• ctwardyscouted2 years ago
      American Scientist2/23/1813 min
      American Scientist

      Falls short, but good for grappling with defense of science unwittingly transforming doubt as virtue into doubt as vice .

    • ctwardyread2 years ago
    • ctwardycommented2 years ago

      A deep reflection on Wikipedia, its contributors, and the role of this free, volunteer effort in building the commercial AI systems we rely on today.

      Wikipedia is well worth a $5 monthly contribution.

    • ctwardyread2 years ago
      Hackaday2/20/205 min
    • ctwardyread2 years ago
      Austen Allred’s BlogAusten Allred11/20/125 min
      Austen Allred’s Blog
    • ctwardyread2 years ago
    • ctwardyread2 years ago
      The AtlanticJames Hamblin2/24/2016 min
      The Atlantic
    • ctwardyread2 years ago
      Highline - HuffPostMichael Hobbes54 min
      Highline - HuffPost
    • ctwardyread2 years ago
      The AtlanticLauren Groff1/14/2036 min
      The Atlantic
    • ctwardyread2 years ago
    • ctwardycommented2 years ago
      National Review1/6/209 min
      National Review

      Look, Iran is not my expertise, but although the article says makes good points - there really is a hard line anti West power block since 1979, and maybe the assassination will yield fruit where other things fail - it engages in false dichotomy, false unity, and curious omission.

      The regime is hardly monolithic: there are fiercely competing centers of power, Hard liner and holocaust denier Ahmadinejad eventually gave way to the more moderate pro West Rouhani.

      Some in US government tried to strengthen Rouhani; others took their own hard line and ended up strengthening the Iran hard liners. Obama may have been over eager but he seemed to strengthen the moderates, and the change in nuclear stance was driven by new intelligence in what methodologists see as surprisingly good analysis/ belief revision - unlike say Iraq WMD. (On the genesis of that policy, Bolton seems to have been not just wrong but willfully and deliberately so.)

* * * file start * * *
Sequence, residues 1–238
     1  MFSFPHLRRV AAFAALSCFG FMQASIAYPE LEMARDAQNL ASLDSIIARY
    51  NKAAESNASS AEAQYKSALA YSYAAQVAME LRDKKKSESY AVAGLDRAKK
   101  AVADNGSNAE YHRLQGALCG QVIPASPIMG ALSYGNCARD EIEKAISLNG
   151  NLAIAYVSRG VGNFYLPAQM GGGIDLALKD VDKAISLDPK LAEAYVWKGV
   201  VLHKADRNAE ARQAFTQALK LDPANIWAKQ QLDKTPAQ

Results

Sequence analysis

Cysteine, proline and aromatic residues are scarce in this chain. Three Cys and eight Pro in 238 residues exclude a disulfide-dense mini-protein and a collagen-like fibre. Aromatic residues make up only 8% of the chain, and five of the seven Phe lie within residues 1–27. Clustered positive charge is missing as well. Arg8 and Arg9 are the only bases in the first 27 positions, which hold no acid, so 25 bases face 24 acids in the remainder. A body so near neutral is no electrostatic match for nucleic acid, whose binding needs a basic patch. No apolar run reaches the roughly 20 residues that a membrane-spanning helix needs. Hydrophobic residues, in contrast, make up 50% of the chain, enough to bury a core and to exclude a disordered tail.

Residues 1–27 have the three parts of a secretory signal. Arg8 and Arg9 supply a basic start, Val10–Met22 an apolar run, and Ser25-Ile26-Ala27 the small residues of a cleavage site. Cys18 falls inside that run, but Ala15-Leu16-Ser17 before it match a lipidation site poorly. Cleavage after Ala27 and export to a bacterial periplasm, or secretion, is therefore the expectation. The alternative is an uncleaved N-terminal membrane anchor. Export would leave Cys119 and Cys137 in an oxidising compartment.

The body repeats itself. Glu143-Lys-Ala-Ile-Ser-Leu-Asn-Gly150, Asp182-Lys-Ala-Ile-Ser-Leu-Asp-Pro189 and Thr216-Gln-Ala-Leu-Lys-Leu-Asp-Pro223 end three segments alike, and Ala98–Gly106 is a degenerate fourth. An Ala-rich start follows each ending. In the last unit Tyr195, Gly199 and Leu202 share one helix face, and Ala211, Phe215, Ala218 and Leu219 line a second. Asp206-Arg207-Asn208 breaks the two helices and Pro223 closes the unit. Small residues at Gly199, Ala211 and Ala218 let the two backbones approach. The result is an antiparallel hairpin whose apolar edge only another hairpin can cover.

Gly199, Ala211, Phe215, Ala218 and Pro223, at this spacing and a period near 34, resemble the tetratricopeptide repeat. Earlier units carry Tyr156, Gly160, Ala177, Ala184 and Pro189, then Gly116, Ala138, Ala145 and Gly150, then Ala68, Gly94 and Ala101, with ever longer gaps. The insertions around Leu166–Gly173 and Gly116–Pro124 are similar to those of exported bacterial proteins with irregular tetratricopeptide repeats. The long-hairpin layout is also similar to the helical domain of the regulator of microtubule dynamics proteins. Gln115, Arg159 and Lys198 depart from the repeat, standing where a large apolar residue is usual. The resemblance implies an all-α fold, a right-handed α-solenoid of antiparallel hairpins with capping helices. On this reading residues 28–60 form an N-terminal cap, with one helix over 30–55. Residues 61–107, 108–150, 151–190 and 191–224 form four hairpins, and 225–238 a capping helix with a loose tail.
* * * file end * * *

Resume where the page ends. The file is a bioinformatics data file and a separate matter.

Also, Iran’s behavior is hardly surprising. Given the list of grievances the author acknowledges - and curiously omitted, the US toppling a popular democratically elected government and installing a much hated dictator, directly leading to the 1979 revolution - it’s more of a wonder that many Iranians seem relatively positive.

      It may also help to stop thinking of Iran as an upstart Third World country. The Iranian taxi drivers and hairdressers in my area off the US – refugees from 1979– refer to themselves as Persians.

    • ctwardycommented2 years ago
      philosophynow.org22 min

      [Second try. Edited post. ]

      "Eventually I concluded that language was bigger than the universe."

      A fun, pithy, sharp-edged take on the empiricist vs. Platonist debate, coming down firmly with the empiricists, but - surprisingly - by actually engaging with the philosophy. It leads with a compelling example where I think all readers would have to concede a point, if not yet the match.

      I doubt his claim that mathematicians are non-Platonists these days. Maybe? Physicist-mathematicians, particularly of the Feynman bent, probably mostly. And famously, Bohr tried to squash "metaphysical itches" that would derail physicists from actually doing quantum mechanics. But I suspect plenty are tempted to Platonism by "the unreasonable effectiveness of mathematics". This is, however, an empirical question, so the author and I can settle it. I'll bet a beer/tea/coffee.

      I expected the "don't like philosophy BUT DO IT ANYWAY" to get into why scientists deriding philosophy are often guilty of doing philosophy, and badly - echoes of "in the thrall of some defunct economist". But if he considers that at all, he sweeps it up with the Humean admission of practicality.

      But again, it's a gem -a well-informed, well-written, philosophical critique of philosophy.

      Or at least Platonism - but the rest is just footnotes, no?

    • ctwardyread2 years ago
    • ctwardycommented2 years ago

      If he's saving 99% of his income, he's refusing to spend on far more substantial expenses than coffee. As advice, it's disingenuous. Sure, he could save $1500 on coffee. That's noticeable, and a great example of his frugal mindset, his $220K / month income does far more of the work.

    • ctwardycommented2 years ago
      www.theroot.comMichael Harriot11/26/196 min

      Harriot vividly depicts the very real systemic disadvantages he and many face. But where he takes opposition to the 2011 Buttigieg quote, I read it as a shorthand for his points, and not, as Harriot reads it, some prescription for simple panaceas.

      Of course Buttigieg doesn't really know what it was like to grow up poor and black. Neither do I. But I'm not sure Harrit correctly reads the motive or meaning behind that one sentence quotation.

    • ctwardyread2 years ago
      Raptitude.comDavid Cain11/26/194 min